And what changes Republicans do push for are not beneficial for the majority of Americans, because they appear to be for, by their actions:  (1) unlimited rights to bear arms, regardless of the dangers to others;  (2) government control of women’s reproductive rights: (3) incorporating their religious beliefs in law; (4) greatly restricting immigration except to Caucasians and wealthy or highly educated minorities; (5) tax benefits for the wealthy and corporations;  and (6)  reduction of federal benefits to the poor and minorities.

Not only do Republicans fail to have a positive agenda for the country, but they can’t even agree on much of anything, except one thing – to oppose whatever the Democrats propose.

Regardless of the rhetoric, the tax cuts didn’t bring back manufacturing jobs, because many of those jobs didn’t migrate overseas;  instead the jobs were automated/computerized, and the others were so labor-intensive that no U.S. company could remain competitive paying U.S. wages. Since most U.S. consumers won’t pay more for U.S.- produced goods, especially if foreign goods are considerably cheaper, increasing tariffs to stop such imports would choke the U.S. economy as well as increasing the prices Americans would have to pay.

Regardless of Trump’s rhetoric, a wall won’t stop immigration.  The U.S. Gulf Coast alone stretches almost 1,700 miles, and for technical, economic, and practical reasons, that can’t be walled off.

So the Republicans have become the party of “no,” except when they most should say no, and that’s to their own President.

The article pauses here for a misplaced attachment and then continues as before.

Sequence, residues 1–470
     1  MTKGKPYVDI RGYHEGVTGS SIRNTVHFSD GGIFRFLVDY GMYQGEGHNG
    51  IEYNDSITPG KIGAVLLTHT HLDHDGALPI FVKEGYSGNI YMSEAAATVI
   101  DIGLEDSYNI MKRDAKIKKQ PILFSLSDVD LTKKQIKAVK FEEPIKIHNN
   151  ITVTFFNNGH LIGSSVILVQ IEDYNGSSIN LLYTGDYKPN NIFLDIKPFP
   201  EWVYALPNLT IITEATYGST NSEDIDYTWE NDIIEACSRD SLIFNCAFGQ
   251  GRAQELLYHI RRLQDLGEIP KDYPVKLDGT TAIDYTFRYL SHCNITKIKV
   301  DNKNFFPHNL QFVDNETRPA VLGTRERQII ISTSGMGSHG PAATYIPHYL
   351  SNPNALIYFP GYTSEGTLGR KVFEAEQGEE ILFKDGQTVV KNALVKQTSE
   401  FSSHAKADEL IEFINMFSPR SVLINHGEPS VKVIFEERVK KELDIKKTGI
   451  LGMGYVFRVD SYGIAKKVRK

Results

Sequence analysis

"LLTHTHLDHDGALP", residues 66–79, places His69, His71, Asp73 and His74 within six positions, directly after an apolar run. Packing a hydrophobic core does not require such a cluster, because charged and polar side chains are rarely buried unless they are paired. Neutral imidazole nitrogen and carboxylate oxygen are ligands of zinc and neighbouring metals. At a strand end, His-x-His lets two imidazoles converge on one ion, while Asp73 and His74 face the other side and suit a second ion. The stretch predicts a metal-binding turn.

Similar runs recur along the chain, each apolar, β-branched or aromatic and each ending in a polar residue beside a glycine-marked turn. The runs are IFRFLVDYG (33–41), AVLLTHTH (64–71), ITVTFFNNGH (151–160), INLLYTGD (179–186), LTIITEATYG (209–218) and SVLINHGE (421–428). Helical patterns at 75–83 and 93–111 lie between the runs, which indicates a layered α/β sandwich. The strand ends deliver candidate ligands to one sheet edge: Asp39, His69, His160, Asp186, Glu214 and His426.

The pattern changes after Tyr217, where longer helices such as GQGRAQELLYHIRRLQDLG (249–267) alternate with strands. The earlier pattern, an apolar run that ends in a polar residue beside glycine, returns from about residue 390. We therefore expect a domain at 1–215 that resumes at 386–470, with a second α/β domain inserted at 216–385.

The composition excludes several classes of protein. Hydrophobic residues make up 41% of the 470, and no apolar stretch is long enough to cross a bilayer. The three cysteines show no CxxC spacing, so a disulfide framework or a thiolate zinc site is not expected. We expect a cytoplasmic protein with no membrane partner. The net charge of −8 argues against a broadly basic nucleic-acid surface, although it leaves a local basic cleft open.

Hippocrates Had It Right

According to various accounts, one of the basic principles of the legendary Greek physician Hippocrates was, first, to do no harm.  From what I’ve seen in my life, that prescription is valid as a first precept in just about everything.

That said, I suspect we all know people who feel that you’ve harmed them if you don’t do what they want.  If you fail to cook a favorite food for a partner or guests, but you’re still feeding them, that’s not harm. If you refuse to go to bed with someone, it’s not harm.  Both may occasion disappointment, but they’re not harm. Now… some people are so violent that your failure to meet their expectations can result in harm to you, and that’s another aspect of the “harm” issue, and one with which society has great difficulty handling.

And sometimes, failing to do something is harm.  If you don’t throw a rope to someone drowning, that’s harm. If you fail to feed a starving child, that’s harm.  And, equally, there are times when we don’t know honestly know whether not doing what someone wants will cause harm.

But, for all those possible exceptions and ambiguities, I suspect that most of us have a clear idea of what acts, or failures to act, will cause harm.  So why do we often act in ways that harm others?